According to researchers, the nuclear arsenals of various countries, particularly China, witnessed growth in the previous year, while other nuclear powers continued to modernize their stockpiles amid escalating geopolitical tensions.
As per the annual report on the arsenals of the world’s nine nuclear-armed nations, Israel, which does not officially acknowledge possessing nuclear weapons, was among the four countries that refrained from expanding their stockpiles. The United States, United Kingdom, and France were the other three countries mentioned in this category.
Dan Smith, the director of the Stockholm International Peace Research Institute (SIPRI), stated, “We are approaching, or maybe have already reached, the end of a long period of the number of nuclear weapons worldwide declining,” during an interview with AFP.
According to SIPRI, the total number of nuclear warheads possessed by the nine nuclear powers, namely Britain, China, France, India, Israel, North Korea, Pakistan, Russia, and the US, decreased to 12,512 at the beginning of 2023, compared to 12,710 at the start of 2022.
Out of these warheads, 9,576 were classified as “military stockpiles for potential use,” marking an increase of 86 from the previous year. The number of deployed warheads also rose to 3,844, up from 3,732 reported by SIPRI in the preceding year.
SIPRI differentiates between stockpiles available for immediate use and the overall inventory, which includes older warheads scheduled for dismantlement. The institute also keeps track of the number of warheads deployed versus those stored for certain countries.
While noting that the figures are still far from the levels observed during the 1980s, Smith pointed out that the usable nuclear warheads, known as the stockpile, are beginning to increase. China contributed significantly to this growth, expanding its stockpile from 350 to 410 warheads.
India, Pakistan, and North Korea also increased their stockpiles, while Russia witnessed a relatively smaller growth from 4,477 to 4,489 warheads. The remaining nuclear powers maintained the size of their arsenals.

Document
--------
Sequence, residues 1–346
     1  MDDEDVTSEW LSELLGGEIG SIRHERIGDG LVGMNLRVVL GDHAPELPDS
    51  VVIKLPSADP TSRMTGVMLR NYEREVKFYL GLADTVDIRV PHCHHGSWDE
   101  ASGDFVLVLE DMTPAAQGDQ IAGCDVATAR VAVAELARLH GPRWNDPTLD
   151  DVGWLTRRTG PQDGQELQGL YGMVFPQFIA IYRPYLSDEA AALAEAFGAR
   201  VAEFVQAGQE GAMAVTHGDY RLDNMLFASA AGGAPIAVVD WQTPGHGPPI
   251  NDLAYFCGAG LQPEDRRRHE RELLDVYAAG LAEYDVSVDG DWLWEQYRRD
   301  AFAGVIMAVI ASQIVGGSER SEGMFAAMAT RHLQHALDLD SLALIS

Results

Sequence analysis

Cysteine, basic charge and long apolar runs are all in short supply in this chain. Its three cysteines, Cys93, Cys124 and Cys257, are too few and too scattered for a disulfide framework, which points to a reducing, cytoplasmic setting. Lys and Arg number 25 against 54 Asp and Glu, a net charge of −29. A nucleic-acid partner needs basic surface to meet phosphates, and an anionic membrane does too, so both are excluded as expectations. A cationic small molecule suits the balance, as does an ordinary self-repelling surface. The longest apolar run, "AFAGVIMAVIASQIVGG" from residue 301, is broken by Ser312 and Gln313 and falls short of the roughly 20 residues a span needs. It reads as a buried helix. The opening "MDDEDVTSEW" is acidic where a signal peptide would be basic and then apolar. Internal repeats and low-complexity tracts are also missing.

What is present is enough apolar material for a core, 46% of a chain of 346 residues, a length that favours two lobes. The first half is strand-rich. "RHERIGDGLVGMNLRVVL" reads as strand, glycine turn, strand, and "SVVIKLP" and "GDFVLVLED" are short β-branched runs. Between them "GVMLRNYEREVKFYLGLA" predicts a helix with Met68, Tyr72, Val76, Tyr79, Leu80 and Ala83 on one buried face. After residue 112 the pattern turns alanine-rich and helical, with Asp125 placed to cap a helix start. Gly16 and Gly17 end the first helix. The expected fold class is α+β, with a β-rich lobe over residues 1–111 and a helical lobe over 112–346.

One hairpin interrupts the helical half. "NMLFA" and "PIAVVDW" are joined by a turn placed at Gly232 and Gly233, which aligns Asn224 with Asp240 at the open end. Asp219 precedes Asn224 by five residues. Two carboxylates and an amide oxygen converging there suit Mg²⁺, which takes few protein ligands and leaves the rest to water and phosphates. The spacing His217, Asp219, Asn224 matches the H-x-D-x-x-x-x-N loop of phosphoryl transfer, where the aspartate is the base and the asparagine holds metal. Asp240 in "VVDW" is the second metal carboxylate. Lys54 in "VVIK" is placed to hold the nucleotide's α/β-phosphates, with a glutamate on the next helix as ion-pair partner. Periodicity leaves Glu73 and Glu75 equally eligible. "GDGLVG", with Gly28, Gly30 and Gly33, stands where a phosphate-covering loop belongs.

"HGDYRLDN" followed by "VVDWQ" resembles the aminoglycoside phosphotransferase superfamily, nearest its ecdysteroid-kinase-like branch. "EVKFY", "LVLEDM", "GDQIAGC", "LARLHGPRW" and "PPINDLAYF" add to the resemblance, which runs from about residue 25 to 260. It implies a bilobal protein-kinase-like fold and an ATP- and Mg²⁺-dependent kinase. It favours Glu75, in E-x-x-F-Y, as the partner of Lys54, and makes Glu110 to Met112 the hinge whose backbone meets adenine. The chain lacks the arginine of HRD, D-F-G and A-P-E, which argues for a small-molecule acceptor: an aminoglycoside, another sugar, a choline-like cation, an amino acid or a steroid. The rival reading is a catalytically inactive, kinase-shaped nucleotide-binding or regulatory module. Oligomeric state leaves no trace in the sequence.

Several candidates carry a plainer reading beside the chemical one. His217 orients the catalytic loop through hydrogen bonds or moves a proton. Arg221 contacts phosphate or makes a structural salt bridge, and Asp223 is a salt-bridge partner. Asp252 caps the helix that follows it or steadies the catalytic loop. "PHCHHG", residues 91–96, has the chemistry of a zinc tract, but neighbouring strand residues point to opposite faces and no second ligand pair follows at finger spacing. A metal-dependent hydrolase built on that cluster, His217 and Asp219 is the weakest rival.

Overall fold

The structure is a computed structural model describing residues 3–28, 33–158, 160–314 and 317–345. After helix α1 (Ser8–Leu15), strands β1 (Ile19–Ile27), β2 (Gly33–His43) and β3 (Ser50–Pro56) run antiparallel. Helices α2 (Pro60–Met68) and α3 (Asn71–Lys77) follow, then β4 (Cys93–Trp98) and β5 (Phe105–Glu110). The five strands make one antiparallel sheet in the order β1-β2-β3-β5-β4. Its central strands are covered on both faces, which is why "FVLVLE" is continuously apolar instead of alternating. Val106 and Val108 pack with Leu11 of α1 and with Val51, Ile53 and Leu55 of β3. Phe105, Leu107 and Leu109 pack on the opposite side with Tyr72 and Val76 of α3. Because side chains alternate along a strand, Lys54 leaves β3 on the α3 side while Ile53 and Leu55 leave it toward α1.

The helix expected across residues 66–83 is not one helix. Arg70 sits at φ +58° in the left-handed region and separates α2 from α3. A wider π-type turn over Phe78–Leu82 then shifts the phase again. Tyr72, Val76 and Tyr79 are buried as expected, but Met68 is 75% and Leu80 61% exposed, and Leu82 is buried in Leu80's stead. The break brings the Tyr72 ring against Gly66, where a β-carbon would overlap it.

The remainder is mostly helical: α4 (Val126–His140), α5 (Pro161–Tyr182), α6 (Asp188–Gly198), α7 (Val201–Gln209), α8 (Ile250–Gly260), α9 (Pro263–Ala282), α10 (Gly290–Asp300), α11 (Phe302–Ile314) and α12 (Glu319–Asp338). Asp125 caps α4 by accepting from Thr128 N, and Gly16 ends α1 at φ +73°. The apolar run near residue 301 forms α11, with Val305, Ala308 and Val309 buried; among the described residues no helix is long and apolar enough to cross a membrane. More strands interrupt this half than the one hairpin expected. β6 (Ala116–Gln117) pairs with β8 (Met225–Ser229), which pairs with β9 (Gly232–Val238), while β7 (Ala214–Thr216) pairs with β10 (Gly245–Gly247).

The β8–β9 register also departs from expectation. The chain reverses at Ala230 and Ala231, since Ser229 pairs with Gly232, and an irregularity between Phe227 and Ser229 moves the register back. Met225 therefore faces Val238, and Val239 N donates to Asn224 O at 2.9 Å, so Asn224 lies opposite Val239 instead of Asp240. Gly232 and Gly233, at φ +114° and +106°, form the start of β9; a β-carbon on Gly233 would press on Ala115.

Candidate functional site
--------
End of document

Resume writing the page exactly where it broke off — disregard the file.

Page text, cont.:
Regarding Israel, SIPRI estimated that its nuclear stockpile remained steady at 90 warheads, but emphasized the significant uncertainty due to the lack of transparency surrounding Israel’s nuclear program.
The report found that Russia and the United States still possess nearly 90 per cent of all nuclear weapons.
Smith stated, “The big picture is we’ve had over 30 years of the number of nuclear warheads coming down, and we see that process coming to an end now.”
SIPRI researchers also highlighted the setbacks faced by diplomatic efforts in nuclear arms control and disarmament following Russia’s invasion of Ukraine.
For example, the United States suspended its “bilateral strategic stability dialogue” with Russia in response to the invasion. Moreover, Moscow announced the suspension of its participation in the 2010 Treaty on Measures for the Further Reduction and Limitation of Strategic Offensive Arms (New START).
SIPRI acknowledged that this treaty was the last remaining nuclear arms control agreement that limited the strategic nuclear forces of both Russia and the US.
However, Smith pointed out that the increase in new warheads cannot be solely attributed to the recent events in Ukraine since the development of warheads requires time. He highlighted that the majority of the increase occurred in countries unaffected by direct involvement, such as China.
As China’s economy and influence have expanded, the nation has significantly invested in all branches of its military. Smith remarked, “What we’re seeing is China stepping up as a world power, and that is the reality of our time.”